Here are some samples from Chapter 4A. Getting Started on Oboe:
1. Oboe Overview
The oboe is a double reed instrument, meaning the sound is created by two pieces of cane (similar to bamboo), which vibrate against each other inside the player’s mouth. The player’s breath creates this vibration, which is then amplified by the instrument. The vibration of the reed is similar to that of a squished straw, as in this video:
Orchestral, solo and chamber music composers of all eras have written prominent, beautiful, and often melodic, solos for the oboe and its bigger relative, the English horn. The English horn is a transposing instrument pitched in F. Other oboe family members include the oboe d’amore, which covers the range between the oboe and English horn and is a transposing instrument in A, and the bass oboe, which sounds an octave lower than written. Rarer instrument family members included the hecklephone, which sounds an octave lower than written like the bass oboe, and the small musette or piccolo oboe, which is usually in pitched in F. The metal Sarrusophone is hardly ever heard today.
Cynthia Koledo DeAlmeida performing Sonata in G Major for Oboe and Guitar by Locatelli
Albrecht Mayer performing Concerto for Oboe D’Amore by J. S. Bach
Carolyn Hove performing Introduction and Allegro for English Horn by Lane
Who Should Play the Oboe
Good candidates for oboe players include those who would be comfortable taking on a leadership role and playing a less common instrument. Generally, there are only one to three oboists in any ensemble, and, in more advanced repertoire, each player has an independent part. Oboists should also possess the patience to work on finding and ultimately making good reeds and keeping their instrument in good shape, which usually means seeking repair help beyond the local music store.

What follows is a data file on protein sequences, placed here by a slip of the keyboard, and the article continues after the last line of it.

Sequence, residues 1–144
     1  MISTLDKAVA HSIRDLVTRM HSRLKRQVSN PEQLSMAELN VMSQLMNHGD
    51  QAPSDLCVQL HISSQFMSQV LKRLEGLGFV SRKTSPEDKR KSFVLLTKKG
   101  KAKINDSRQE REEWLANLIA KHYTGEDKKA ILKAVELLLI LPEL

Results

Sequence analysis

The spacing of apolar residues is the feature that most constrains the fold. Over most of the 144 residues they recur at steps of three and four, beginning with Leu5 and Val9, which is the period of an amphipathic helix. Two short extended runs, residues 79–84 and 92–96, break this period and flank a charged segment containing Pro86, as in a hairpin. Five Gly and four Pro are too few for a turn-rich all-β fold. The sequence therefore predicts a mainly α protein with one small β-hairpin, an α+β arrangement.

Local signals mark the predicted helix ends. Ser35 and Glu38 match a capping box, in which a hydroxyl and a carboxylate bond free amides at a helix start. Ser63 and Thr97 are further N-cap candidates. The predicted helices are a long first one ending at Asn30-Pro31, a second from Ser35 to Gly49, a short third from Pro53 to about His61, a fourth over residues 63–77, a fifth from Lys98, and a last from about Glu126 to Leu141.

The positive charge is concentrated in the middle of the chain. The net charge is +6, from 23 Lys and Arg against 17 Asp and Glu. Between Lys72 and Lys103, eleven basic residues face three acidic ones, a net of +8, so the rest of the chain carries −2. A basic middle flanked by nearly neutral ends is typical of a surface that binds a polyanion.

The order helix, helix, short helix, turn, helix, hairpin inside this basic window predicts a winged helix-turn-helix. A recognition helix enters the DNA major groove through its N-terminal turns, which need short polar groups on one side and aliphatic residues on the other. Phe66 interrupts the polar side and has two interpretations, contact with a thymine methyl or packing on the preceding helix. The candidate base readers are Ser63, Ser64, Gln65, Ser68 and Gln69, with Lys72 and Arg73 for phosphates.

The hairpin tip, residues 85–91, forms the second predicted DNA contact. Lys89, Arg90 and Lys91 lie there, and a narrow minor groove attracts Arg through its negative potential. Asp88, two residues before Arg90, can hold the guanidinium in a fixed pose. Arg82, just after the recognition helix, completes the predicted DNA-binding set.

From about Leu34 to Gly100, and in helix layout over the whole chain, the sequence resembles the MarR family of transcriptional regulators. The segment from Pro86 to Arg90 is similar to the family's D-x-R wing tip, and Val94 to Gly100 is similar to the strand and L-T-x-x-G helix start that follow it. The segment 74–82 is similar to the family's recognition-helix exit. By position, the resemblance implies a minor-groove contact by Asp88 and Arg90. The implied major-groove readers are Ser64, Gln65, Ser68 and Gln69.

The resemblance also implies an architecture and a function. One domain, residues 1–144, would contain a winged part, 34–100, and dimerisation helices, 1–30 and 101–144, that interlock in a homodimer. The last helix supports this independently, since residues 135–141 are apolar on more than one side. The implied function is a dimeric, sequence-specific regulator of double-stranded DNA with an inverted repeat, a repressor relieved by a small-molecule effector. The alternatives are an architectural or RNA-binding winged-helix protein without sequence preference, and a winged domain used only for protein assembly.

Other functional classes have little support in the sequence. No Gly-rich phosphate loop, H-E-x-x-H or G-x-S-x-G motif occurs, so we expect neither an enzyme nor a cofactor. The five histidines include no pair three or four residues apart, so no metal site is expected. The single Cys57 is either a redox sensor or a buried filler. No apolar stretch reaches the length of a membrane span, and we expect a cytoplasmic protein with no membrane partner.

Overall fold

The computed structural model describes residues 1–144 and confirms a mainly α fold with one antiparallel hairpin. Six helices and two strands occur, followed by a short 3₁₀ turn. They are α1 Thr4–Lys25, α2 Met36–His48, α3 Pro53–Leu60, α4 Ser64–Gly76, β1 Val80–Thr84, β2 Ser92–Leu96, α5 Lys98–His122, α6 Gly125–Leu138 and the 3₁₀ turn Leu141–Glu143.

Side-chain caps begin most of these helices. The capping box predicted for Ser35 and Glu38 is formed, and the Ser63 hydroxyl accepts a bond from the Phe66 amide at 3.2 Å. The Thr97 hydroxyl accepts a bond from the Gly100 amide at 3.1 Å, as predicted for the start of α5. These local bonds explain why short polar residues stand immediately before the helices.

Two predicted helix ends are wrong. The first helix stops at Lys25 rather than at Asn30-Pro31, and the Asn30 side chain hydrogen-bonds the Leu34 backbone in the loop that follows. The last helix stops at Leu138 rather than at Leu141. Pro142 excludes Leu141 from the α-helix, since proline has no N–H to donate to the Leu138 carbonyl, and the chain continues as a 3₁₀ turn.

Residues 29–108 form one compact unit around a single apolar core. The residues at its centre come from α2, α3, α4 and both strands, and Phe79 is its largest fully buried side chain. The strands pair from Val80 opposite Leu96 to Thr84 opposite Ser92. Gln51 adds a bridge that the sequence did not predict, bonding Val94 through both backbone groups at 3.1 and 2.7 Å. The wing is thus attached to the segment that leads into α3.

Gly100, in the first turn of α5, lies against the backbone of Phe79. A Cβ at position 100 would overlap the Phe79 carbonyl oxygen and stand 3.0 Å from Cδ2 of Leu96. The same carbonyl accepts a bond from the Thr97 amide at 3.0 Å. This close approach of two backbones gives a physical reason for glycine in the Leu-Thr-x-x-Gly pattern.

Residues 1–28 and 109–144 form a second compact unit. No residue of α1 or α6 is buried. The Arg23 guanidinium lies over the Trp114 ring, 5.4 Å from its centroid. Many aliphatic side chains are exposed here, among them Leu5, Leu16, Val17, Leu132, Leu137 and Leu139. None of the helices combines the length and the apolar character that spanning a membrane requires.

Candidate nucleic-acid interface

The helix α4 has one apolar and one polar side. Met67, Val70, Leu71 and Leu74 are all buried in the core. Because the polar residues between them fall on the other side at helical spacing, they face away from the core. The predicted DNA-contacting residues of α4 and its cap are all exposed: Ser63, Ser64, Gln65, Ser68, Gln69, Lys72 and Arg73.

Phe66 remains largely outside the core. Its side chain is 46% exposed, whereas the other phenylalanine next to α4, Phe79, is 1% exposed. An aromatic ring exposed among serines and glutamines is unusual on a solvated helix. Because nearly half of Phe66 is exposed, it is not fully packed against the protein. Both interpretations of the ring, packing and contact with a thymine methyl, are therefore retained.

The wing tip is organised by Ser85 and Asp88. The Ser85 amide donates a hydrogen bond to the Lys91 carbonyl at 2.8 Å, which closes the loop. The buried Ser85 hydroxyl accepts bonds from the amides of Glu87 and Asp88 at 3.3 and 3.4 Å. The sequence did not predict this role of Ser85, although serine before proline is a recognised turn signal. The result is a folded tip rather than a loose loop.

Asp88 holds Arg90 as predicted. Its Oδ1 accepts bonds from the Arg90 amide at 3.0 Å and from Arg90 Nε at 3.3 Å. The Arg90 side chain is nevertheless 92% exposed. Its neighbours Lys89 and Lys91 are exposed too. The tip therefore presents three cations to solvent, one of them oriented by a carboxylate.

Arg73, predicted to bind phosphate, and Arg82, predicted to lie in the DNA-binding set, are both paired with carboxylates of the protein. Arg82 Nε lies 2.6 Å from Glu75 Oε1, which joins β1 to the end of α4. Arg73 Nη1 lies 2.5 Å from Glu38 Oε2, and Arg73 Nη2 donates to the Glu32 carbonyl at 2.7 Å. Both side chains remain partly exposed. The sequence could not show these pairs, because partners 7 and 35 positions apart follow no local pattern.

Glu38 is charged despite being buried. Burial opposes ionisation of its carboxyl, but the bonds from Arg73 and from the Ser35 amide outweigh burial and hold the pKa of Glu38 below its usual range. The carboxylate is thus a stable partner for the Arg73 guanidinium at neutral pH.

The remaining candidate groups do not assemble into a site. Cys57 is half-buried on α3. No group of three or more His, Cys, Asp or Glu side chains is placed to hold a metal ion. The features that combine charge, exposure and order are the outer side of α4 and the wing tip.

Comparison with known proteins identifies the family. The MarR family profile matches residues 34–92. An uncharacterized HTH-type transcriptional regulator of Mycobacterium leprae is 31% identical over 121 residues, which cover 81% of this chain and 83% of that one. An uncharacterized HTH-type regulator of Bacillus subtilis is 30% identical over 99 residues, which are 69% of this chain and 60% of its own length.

If you are in a position to start a beginning player, choose someone with average lip size. It is best if both lips are of a similar size, and the top lip in particular should not be small or short because it needs to be wrapped around the teeth. Long, narrow fingers are preferable, though not a requirement, and the ability to blow strongly is also important.
The most important factor, however, is a student’s desire to play the oboe. Let students hear what an oboe can sound like and find out if the sound appeals to them. It is difficult to evaluate students’ lips merely by looking at them, so let the interested students try the oboe for a few weeks and see how it goes. After a few weeks of working, it will become apparent if there are insurmountable problems with the fingers or the embouchure. If a student with dental braces has trouble, it will likely resolve when the braces are removed.
It is important for families to recognize the financial aspects of the oboe, as the instrument itself costs more than the flute, clarinet or saxophone to purchase. Oboe students often do best when they take some private lessons, particularly in the beginning of oboe study.
The largest recurring cost to the oboe player is that of good oboe reeds. This cost could easily be ten times the amount paid for clarinet or saxophone reeds. Furthermore, oboe reeds wear out sooner than the thicker, larger single reeds, or thicker bassoon reeds, so they may last one third as long; less if the fragile tip is damaged.
When a student learns to make reeds, the cost of playing oboe is reduced, but reed making is a skill that an oboe player cannot learn without the help of a private teacher and a significant amount of practice. Even when an oboist does learn to make reeds, he or she usually cannot make them to the level of handmade reeds purchased from professional oboists until beyond high school age, with the exception of an extremely dedicated student with an excellent teacher. The importance of a good reed in relation to both the ability to play with a tone that blends and the possibility of playing well in tune in the high register cannot be exaggerated.
If you are planning to transfer a student from another woodwind instrument, keep in mind that former flute players will likely have trouble with the increased air pressure of the oboe. Clarinetists will probably need to work on having less upper lip pressure on the oboe reed, and saxophonists will need to practice keeping the oboe reed from sliding too far into their mouths.
2. Parts of the Oboe
There are four parts to the oboe: the reed, the top joint, the bottom joint, and the bell. The reed is stored in a case, which is kept in the instrument case.